Hypnosis, Meditation, and Relaxation for Pain

Medically Reviewed by Tyler Wheeler, MD on November 17, 2022
4 min read

Stress and pain often go hand in hand. Hypnosis, meditation, and relaxation may help break the cycle.

If you’re thinking about trying these ways to work on your pain, you’ll want to know what to expect and how well they work.

If you’re picturing a stage act led by a man with a swinging watch who gets volunteers to walk like a chicken or bark like a dog, forget that. Clinical hypnosis is a real therapy in which you learn how to use the power of your mind to help make positive changes. And you’re in control.

During hypnosis, you’ll focus on relaxation and letting go of distracting thoughts. You may become more open to specific suggestions and goals, such as lowering pain. After your session, your therapist will go over the things that you can do to help you reach those goals.

Research shows that medical hypnosis can help with both sudden (acute) and long-term (chronic) pain from cancer, burns, and rheumatoid arthritis. It may also ease the anxiety some people feel before surgery.

When researchers at Mount Sinai School of Medicine in New York analyzed 18 studies, they found moderate to large pain-relieving effects from hypnosis, supporting its use for pain management.

To find a licensed hypnotherapist, speak to your doctor or contact the American Society of Clinical Hypnosis.

Meditation is like brain training. Anyone can do it -- anytime, anywhere.

Studies suggest that making meditation a habit may help people manage their pain and self-esteem and lower their anxiety, depression, and stress.

The details vary, depending on what type of meditation you choose to do, but it comes down to spending a few minutes (or longer) focusing your attention on one thing -- such as your breathing or a word or phrase that inspires or comforts you. As you meditate, other thoughts are bound to come up. That’s OK. Just direct your attention back to the thing you chose to focus on.

Meditation is safe to try in addition to (not instead of) treatments that your doctor recommends.

These include techniques that aim to ease stress. In addition to meditation, the major types include:

Progressive muscle relaxation. You slowly tense each muscle group, hold the tension briefly, and then let it go. You’ll do this in a systematic way -- for instance, starting with the muscles in your toes and working your way up your body. It helps you become aware of -- and release -- areas where you’re tense.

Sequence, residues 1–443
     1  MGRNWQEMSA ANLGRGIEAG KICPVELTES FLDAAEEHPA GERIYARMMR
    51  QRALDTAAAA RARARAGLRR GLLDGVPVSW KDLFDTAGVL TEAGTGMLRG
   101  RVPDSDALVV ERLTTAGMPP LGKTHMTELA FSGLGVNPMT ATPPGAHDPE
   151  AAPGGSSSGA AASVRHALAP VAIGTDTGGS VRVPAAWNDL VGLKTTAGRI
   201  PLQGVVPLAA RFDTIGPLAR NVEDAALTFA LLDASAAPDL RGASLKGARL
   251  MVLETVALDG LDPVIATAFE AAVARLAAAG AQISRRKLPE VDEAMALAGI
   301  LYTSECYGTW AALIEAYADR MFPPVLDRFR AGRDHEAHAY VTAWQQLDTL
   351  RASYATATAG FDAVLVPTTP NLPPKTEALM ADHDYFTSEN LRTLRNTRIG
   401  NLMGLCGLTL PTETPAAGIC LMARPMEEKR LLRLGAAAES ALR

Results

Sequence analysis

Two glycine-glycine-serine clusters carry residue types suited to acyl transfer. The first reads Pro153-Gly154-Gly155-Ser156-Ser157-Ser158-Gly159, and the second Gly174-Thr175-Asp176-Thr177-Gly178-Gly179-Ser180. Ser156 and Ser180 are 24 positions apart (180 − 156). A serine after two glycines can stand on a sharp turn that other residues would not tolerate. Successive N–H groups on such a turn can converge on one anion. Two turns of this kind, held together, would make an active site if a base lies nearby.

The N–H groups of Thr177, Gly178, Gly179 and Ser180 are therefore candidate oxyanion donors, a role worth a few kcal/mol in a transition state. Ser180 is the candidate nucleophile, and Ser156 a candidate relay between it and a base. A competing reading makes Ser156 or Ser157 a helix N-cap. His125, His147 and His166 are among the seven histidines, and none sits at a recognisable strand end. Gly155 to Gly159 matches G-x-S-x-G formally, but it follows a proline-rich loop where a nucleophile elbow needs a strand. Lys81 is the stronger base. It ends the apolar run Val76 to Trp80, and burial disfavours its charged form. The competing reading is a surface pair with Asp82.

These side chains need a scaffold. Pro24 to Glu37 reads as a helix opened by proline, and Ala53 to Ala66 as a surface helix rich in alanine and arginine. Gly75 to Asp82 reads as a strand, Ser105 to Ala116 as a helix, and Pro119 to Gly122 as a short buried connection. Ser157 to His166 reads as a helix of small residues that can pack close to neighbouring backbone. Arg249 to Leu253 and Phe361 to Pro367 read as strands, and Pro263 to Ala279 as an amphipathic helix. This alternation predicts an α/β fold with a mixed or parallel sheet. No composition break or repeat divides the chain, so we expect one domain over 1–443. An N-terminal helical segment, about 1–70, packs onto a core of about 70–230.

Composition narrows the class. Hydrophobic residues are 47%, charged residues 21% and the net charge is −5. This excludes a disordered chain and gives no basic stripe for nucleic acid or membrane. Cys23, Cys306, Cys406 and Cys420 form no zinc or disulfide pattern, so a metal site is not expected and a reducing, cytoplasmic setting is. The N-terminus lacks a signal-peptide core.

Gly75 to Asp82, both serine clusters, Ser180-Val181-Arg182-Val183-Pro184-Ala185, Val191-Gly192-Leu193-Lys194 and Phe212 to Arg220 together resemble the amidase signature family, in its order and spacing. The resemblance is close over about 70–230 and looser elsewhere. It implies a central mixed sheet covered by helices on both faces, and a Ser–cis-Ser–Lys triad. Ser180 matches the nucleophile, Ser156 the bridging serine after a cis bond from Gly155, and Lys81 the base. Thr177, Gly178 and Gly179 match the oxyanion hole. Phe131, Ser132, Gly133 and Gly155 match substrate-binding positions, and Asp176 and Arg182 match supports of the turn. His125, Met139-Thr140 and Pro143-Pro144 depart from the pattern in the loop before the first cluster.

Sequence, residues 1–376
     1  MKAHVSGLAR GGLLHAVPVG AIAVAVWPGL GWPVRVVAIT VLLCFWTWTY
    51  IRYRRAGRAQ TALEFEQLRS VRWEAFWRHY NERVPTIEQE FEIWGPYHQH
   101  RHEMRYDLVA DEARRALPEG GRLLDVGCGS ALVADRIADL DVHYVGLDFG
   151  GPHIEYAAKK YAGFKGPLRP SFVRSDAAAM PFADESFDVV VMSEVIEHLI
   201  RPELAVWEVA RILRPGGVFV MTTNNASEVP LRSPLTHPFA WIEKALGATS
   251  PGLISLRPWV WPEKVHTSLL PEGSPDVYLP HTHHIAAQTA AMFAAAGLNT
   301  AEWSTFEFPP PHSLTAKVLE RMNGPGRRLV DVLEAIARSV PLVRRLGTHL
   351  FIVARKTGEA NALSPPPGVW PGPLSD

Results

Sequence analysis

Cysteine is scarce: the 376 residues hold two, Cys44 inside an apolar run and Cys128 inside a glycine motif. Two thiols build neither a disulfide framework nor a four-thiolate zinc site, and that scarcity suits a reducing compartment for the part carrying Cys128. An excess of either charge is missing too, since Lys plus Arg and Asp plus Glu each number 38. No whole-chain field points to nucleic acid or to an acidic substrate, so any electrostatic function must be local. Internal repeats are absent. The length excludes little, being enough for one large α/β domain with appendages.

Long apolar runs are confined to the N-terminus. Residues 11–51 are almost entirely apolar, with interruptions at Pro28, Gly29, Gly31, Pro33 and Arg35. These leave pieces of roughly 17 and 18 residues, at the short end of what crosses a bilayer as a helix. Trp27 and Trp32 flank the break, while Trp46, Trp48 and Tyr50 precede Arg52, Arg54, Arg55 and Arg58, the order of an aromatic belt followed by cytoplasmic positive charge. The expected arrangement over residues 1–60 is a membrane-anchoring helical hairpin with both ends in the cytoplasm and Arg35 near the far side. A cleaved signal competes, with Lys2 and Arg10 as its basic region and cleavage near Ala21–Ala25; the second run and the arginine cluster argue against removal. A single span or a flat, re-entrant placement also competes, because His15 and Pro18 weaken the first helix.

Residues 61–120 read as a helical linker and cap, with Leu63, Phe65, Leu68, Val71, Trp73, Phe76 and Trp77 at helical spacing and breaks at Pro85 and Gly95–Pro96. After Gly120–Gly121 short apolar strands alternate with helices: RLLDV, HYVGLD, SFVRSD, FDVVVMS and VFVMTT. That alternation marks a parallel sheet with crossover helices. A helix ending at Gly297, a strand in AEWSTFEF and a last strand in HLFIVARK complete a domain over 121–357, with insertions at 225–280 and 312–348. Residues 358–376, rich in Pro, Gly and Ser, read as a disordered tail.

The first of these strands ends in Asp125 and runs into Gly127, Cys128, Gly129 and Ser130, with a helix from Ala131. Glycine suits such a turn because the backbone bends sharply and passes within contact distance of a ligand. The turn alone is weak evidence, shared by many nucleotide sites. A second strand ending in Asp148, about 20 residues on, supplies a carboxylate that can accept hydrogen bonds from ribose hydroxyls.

If you have cardiovascular (heart) disease that’s not under good control, you should skip progressive muscle relaxation. Tensing your abdominal muscles can build up pressure in the chest cavity, slow your pulse, and hamper the flow of blood returning to the heart.

Autogenic training. This technique uses visual imagery and body awareness to help you relax. The person imagines being in a peaceful place and then focuses on different physical sensations, such as heaviness of the limbs or a calm heartbeat. People may practice on their own, creating their own images, or be guided by a therapist.

Breathing. It’s something you do every second of every day -- but often, we forget that it’s happening at all. You can practice tuning into your breathing as a form of meditation: in and out, in and out. You can also learn to do breathing exercises. For instance, you can breathe in slowly while you count to 4, hold your breath for 7 more counts, and then exhale for 8 counts.

The best way to learn relaxation techniques is with the help of a trained practitioner. Usually, these techniques are taught in a group class and then practiced regularly at home.

If you’ve had psychosis or epilepsy, you may want to speak with your doctor before trying meditation. There have been reports of some people having further acute episodes after deep and prolonged meditation.

Hypnosis or deep relaxation can sometimes worsen psychological problems in people with posttraumatic stress disorder or who are vulnerable to false memories. You should check with your doctor first.

They’re both mind-body practices that have been around for centuries. You use postures, gentle movements, breathing techniques, and mental focus. Studies have found that they can help lower knee pain from osteoarthritis and help people with fibromyalgia and back pain. The evidence is less strong that tai chi and qi gong can help with long-term neck pain.

This uses sensors attached to your body to help you practice relaxation. Specifically, biofeedback teaches you how to control involuntary responses, like your heartbeat or your blood pressure. Studies suggest that biofeedback may ease migraine and tension headaches. The evidence for other types of pain is less clear.

This ancient medical technique stimulates certain points in your body, usually with thin needles put into the skin. Acupuncture has shown to benefit some people with specific types of pain. They include neck, low back, and knee pain from osteoarthritis. Acupuncture also may prevent migraines and cut down on how often you get tension headaches.